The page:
Standard fork settings are stiff for the road, unless you’re lucky enough to have super smooth tarseal on your favourite twisties. I settled on the factory “comfort’ settings for road work with no luggage. Off-road is where the factory set up really shines. The compression and rebound clickers make a noticeable difference and are well worth playing with depending on conditions. Head and shoulders above the competition (Africa Twin, GS850 etc) for aggressive off-road work.

Brakes

On the road they’re strong and work well, but off-road they’re a little too snatchy and lack initial feel - this is always a big compromise for dual sport bikes. Those two big discs up front mean a gentle squeeze is required on gravel and trials type going.

Fuel Tank Size

Just about perfect, off-road and pushing you can expect well over 300km on a full tank, with gentle cruising on tarseal well over 400km.

Fuel Economy

Excellent for a bike this capable.

Service Intervals

The service intervals seem very long which keeps costs down. I’ll be changing the engine oil a little more frequently than the factory schedule, but thats probably due to my enduro background and mechanical sympathy.

Ease of Servicing

Another KTM strong point especially compared to Japanese bikes is the accessibility of key service items. The air filter swap is a five minute job (compare that to an Africa Twin), fuses are easy access, tank removes with half a dozen or so bolts, lack of a linkage means shock is easily removed - I’d go as far as saying it’s just as easy to work as my old 701 Husky.

Reliability

There are a few issues bouncing around the social media groups but over 4000km mine has been faultless other than the rear brake light stuck on, this turned out to be a faulty pressure sensor in the ABS circuit which my dealer sorted right away.

Aftermarket Parts Availability

Not yet, as it’s so new to market. No doubt there will be an avalanche of performance-enhancing parts over the next 12 months!

General Thoughts

If you’re in the market for a long distance adventure travel bike with real off-road performance then look no further, it’s expensive but so far its met or exceeded expectations.

The KTM Touratech hard luggage and rack work extremely well and are easy to fit and remove, soft luggage such as Giant Loop and Moskomoto sit nicely (I remove the pillion handrails)

On the to-do list is to fit a full aftermarket race style exhaust and a fuel re-map, deleting the CAT, this should release 5bhp or so with a bit more torque and should make it sound as good as it looks!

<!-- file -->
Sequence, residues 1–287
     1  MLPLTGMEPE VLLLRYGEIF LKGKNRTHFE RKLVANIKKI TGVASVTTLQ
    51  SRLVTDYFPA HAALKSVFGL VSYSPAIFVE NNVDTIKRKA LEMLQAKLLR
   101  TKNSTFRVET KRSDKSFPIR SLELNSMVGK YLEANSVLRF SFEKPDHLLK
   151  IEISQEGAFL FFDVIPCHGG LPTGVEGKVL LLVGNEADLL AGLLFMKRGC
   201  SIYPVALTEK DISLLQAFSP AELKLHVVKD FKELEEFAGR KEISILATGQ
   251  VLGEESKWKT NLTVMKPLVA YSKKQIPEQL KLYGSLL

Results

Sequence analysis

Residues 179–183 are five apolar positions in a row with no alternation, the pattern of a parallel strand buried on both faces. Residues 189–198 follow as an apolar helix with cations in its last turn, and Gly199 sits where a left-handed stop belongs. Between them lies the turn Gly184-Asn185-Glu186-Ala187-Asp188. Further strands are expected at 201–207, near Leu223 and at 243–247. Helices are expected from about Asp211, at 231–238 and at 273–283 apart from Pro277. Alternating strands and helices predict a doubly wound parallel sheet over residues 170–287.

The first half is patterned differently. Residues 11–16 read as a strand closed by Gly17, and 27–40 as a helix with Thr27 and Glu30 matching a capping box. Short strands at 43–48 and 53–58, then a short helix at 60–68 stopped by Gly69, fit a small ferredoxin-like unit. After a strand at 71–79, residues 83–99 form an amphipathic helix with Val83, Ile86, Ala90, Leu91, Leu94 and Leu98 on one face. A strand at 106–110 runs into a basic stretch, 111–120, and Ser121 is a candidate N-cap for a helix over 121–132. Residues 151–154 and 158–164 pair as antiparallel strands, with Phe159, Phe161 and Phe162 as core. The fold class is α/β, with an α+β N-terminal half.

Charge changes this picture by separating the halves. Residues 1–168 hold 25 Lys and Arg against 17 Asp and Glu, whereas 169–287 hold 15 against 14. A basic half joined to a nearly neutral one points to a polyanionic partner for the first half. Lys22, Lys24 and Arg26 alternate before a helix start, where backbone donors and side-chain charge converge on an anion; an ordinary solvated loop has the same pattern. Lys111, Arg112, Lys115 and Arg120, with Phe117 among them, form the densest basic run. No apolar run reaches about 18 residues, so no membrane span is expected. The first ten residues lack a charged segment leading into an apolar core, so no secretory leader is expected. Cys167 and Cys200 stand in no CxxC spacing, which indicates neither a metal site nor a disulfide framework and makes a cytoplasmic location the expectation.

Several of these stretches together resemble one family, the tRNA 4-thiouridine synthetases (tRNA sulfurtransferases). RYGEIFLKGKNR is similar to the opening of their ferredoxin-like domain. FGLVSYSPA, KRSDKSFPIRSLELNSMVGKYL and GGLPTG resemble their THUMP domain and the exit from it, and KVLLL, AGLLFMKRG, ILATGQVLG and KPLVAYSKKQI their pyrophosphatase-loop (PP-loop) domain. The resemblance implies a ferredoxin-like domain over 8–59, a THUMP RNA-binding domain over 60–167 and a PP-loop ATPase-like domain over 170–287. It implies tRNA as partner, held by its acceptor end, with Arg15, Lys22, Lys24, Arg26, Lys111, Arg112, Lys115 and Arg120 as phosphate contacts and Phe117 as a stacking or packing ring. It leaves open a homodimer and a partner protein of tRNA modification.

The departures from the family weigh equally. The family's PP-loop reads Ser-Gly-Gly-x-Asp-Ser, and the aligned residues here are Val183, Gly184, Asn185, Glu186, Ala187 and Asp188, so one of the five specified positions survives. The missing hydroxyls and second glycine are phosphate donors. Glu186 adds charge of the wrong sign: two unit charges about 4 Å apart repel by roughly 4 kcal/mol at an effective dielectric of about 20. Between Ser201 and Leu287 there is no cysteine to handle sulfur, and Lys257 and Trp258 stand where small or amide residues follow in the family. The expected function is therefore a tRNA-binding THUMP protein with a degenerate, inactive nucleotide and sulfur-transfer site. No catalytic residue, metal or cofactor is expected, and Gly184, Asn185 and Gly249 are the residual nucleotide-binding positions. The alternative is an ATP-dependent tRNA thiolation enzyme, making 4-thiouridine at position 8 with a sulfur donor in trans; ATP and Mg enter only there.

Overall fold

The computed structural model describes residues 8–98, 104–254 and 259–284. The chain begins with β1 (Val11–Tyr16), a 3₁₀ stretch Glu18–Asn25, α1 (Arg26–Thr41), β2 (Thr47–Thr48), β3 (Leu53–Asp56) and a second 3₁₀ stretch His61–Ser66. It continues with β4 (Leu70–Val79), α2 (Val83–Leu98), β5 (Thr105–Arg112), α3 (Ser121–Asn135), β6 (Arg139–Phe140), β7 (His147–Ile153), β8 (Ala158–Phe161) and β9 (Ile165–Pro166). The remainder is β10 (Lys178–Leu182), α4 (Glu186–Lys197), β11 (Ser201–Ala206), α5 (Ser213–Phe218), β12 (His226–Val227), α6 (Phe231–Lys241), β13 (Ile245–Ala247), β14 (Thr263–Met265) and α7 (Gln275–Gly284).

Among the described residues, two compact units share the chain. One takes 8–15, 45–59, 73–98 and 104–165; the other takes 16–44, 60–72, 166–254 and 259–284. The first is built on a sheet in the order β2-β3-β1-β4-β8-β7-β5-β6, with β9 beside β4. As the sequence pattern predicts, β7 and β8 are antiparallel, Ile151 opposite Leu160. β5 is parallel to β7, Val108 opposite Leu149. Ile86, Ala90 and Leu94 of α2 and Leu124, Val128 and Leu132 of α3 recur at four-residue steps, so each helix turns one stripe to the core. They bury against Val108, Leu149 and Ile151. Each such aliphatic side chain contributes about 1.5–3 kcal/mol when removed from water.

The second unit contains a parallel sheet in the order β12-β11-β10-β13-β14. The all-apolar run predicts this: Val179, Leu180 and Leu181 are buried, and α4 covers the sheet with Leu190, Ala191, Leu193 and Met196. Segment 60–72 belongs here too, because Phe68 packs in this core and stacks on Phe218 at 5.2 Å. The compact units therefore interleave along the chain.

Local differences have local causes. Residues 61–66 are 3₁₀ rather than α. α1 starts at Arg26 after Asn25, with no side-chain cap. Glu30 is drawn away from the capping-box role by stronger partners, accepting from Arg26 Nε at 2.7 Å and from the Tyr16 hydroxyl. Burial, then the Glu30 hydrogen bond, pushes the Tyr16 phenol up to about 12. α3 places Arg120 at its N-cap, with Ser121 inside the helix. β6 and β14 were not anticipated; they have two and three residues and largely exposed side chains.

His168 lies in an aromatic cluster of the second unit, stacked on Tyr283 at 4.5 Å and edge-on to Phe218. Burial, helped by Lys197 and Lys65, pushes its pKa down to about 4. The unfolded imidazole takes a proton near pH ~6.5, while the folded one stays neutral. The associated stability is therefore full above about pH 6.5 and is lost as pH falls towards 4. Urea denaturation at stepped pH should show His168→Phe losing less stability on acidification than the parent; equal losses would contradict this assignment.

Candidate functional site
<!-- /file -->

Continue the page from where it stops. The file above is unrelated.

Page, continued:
It’s fitted with a quick shift for which you have to pay for an ECU upgrade to activate it, I tried a bike with the quickshifter and it’s bloody great up and down the box even at relatively low revs, very tempting.

The standard handlebars are quite narrow with a lot of dip and sweep, this works well on the road but is a strange setup off-road, I’ll fit some Renthal RC High Fat Bars or KTM EXC bend to get a wider flatter set up.

Standard plastic hand guards are about as much use as a chocolate fireguard so these have already been replaced with Acerbis X Factory wrap-arounds, Bark Busters would also be a good option.

For a bit more wind and weather protection on a road tour, I’d also recommend buying the standard screen as the R screen is very low, it’s not expensive and is swapped by undoing one bolt, good design.

There’s provision for a GPS mount above the dash but the power part isn’t available yet, there is a GPS mount available that fits on the bar clamps which I tried but having the Garmin in “line of sight” will be a lot safer once the new part becomes available!

The standard sump guard is a bit wimpy, aftermarket guys will have a field day selling sturdier options. I looked into the cost of a “strike’ to the underside of the engine and with another clever bit of design KTM has used a separate sump casting bolted to the lower crankcase, pretty easy to replace and not as expensive as you’d think if the worst happens.

Would I buy another one, yes, if you’re into adventuring off-road and can run to two bikes then with a 500 EXC and a 790 Adv R in the shed you’ll have all bases covered.

If you crave a super comfortable bike, love covering huge distances mostly on tar seal with a pillion and loads of luggage then look elsewhere!

Will the Yamaha Tenere 700 be real competition for the 790? Having seen the Yam in the flesh and studying the spec sheet it’s a very capable bike and that CP2 engine is a gem, but it’s not quite on the same level as the KTM in any area, that said its considerably cheaper, doesn’t have any electronics ( a good thing for some ) and should be bulletproof.

 

Bike review by: Al Pendrey (Scramblin Al)
Interviewer: Jessie Meek